- What Should a Work Statement Contain?
- While the format of a statement of work varies based on the industry in which your company operates, good SOWs adhere to a few essential principles.
To minimize misinterpretations of standards and words, make sure your SOW includes exact language appropriate to your line of business. Although the SOW is a detailed document, it is only a general description of work that should be supplemented with additional documentation to further specify specific tasks.
A decent statement of work will outline the project’s scope as well as the agreement’s key performance metrics, or KPIs. These indicators can then are of use to determine if the SOW’s conditions are getting done. The following are common sections found in a statement of work:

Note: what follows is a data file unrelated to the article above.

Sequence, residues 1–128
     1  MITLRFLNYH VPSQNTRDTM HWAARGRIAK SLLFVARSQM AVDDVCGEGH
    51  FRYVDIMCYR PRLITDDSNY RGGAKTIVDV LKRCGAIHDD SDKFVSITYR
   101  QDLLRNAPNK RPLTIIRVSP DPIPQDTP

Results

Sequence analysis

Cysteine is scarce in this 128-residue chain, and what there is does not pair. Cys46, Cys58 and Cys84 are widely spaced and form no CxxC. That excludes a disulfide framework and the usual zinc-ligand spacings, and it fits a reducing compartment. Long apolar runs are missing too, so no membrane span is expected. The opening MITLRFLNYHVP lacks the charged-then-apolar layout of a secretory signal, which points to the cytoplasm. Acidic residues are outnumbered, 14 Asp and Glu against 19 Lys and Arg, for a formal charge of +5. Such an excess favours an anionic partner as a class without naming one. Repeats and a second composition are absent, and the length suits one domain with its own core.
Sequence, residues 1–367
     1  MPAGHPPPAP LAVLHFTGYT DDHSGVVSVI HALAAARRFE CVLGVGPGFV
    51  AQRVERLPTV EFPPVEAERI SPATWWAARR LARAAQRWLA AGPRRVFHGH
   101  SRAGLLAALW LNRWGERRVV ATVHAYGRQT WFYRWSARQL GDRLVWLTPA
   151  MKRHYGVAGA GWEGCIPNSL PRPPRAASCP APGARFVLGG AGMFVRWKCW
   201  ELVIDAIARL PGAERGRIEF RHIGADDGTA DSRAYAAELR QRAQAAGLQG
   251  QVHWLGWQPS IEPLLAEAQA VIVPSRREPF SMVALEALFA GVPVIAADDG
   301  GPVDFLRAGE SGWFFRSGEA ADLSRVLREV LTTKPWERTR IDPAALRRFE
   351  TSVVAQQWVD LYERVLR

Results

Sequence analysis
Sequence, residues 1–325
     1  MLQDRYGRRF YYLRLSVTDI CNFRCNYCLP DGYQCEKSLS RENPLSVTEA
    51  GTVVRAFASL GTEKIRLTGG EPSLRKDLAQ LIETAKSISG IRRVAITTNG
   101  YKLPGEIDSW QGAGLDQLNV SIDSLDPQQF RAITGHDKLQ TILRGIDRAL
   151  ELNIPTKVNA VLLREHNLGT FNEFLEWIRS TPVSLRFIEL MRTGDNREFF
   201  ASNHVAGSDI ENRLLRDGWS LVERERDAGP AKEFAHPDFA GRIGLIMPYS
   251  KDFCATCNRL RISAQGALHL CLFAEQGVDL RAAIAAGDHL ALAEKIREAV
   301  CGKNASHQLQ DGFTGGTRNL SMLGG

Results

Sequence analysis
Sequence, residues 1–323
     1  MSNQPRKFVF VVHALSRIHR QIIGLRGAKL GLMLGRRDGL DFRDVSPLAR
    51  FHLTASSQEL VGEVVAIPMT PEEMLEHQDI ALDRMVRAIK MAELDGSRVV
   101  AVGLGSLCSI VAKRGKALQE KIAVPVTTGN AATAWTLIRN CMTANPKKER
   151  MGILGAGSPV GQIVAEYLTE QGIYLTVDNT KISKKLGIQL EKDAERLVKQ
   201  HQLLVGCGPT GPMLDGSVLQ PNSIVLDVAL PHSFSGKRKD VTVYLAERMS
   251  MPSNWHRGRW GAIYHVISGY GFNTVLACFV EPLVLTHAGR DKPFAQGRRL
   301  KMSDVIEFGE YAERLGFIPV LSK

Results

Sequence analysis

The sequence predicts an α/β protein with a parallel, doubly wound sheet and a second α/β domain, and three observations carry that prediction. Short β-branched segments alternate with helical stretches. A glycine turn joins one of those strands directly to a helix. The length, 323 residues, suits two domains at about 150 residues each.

Introduction to SOW
Begin by describing the work that will be done and who will be participating in the project. You can then move on to other paperwork like a standing offer to determine prices for services or products acquired, as well as a formal contract that goes into greater detail than your SOW.
The Project’s Goals
Explain why you’re starting the project and why you’re hoping to finish it. This can be accomplished by beginning the section with a purpose statement and then providing meaningful responses to the following questions:
In this part, write down the tasks that must be completed in order to complete the project. Include information about the software and/or hardware used, as well as the process utilized to complete the work, such as:
- The amount of time it takes
- Steps to achieving the goals in general